Does your code have a heart?
I live in a city that is about to be hit hard by the coronavirus pandemic. People are shut in their flats and the health care system is already loaded over its maximum capacity.
It comes to me more acutely than ever before how ridiculously privileged I am as a programmer. My life almost hasn’t changed yet. I work and study exactly the same way I did before, remotely. All the while millions of people around me lose their jobs, doctors and nurses work endless hours in enormous stress, and many others have to risk their health to provide citizens (including me) their basic needs.
A big part of this privilege comes from the software itself: online working and collaboration tools, websites, delivery apps. Software is very versatile: almost all modern systems and products include or entirely rely upon software.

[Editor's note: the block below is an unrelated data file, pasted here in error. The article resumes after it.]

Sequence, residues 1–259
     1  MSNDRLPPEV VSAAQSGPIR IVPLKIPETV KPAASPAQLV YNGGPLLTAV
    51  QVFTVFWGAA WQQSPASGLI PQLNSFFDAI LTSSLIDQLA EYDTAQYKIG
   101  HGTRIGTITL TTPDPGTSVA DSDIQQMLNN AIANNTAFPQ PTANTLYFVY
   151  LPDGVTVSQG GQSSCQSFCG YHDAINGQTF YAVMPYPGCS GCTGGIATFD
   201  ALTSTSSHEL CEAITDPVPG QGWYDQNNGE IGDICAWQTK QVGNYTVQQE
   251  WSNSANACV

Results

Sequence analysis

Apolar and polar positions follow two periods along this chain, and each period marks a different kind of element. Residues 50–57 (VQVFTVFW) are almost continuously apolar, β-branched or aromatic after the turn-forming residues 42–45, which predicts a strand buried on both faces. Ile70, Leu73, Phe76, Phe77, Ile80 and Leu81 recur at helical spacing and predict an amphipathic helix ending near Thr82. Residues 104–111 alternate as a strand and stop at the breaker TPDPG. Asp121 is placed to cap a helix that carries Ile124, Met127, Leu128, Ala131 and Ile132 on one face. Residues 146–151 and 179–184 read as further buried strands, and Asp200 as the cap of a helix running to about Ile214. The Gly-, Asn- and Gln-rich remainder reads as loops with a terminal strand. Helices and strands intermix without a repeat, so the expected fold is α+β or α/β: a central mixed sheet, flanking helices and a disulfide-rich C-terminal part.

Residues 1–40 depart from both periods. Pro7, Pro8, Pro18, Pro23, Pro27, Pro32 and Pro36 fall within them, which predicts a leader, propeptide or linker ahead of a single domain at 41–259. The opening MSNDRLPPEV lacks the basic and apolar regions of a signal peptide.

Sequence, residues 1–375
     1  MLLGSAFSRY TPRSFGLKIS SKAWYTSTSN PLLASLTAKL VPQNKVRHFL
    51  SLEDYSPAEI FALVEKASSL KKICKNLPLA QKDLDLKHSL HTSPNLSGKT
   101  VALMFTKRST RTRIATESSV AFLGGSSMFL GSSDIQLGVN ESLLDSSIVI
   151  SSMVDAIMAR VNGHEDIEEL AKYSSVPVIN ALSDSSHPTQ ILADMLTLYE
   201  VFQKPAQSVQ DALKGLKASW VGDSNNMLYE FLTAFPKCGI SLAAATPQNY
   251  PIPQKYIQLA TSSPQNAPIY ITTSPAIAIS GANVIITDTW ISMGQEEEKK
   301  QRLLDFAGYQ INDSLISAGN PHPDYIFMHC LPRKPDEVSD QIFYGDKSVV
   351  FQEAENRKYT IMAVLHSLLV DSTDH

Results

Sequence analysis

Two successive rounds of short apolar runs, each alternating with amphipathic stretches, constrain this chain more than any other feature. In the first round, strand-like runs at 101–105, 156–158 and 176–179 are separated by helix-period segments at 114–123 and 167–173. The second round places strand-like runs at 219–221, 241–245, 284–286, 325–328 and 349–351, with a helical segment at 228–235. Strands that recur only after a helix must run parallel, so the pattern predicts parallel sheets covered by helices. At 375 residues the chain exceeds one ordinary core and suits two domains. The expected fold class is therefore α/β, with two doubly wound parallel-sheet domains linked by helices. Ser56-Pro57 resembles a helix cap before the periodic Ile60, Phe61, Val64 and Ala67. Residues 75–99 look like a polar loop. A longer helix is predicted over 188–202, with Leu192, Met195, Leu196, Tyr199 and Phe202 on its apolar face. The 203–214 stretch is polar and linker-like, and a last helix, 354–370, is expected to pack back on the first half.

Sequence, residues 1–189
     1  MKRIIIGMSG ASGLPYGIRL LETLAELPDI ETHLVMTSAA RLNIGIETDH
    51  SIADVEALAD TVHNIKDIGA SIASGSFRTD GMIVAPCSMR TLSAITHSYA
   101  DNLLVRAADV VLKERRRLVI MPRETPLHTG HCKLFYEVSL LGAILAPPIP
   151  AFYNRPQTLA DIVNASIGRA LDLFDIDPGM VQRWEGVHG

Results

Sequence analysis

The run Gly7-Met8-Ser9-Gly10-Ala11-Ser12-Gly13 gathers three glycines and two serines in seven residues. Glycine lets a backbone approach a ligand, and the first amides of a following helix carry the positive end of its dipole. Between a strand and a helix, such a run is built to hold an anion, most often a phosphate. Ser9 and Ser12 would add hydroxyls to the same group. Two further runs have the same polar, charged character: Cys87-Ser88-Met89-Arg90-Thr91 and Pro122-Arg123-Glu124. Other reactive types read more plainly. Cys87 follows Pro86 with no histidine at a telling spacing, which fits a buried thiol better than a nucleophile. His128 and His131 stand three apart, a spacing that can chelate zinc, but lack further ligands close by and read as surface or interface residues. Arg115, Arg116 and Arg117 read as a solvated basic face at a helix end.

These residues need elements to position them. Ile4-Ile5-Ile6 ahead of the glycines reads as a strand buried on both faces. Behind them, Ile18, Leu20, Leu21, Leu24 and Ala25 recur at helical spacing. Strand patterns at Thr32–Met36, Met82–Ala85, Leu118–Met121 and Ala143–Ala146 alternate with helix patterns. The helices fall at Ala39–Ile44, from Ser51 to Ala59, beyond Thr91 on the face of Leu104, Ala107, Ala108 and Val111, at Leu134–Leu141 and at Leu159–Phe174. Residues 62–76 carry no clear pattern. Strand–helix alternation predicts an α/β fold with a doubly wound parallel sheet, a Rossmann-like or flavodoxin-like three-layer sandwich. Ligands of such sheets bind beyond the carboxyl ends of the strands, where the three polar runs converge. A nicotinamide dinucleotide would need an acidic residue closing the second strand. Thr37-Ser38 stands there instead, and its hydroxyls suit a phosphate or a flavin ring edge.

I feel that we, programmers, have a responsibility to apply this great freedom and power to pursue goals not smaller than the commitments that people around us make today.
What do I want from life? What can I do to make myself happy? — are not the proper questions. The real question is, What is life asking of me? … Our answer must consist not in talk and meditation, but in right action and in right conduct. Life ultimately means taking responsibility to find the right answer to its problems and to fulfil the tasks which life constantly sets for each individual.
Stephen Covey suggested an exercise that I found very instructive for myself: visualize your retirement. What contributions do you want to have made, in accordance to your deepest values? Involve as many emotions, feelings, and senses as you can. Then, think about this as if you have only three years to live.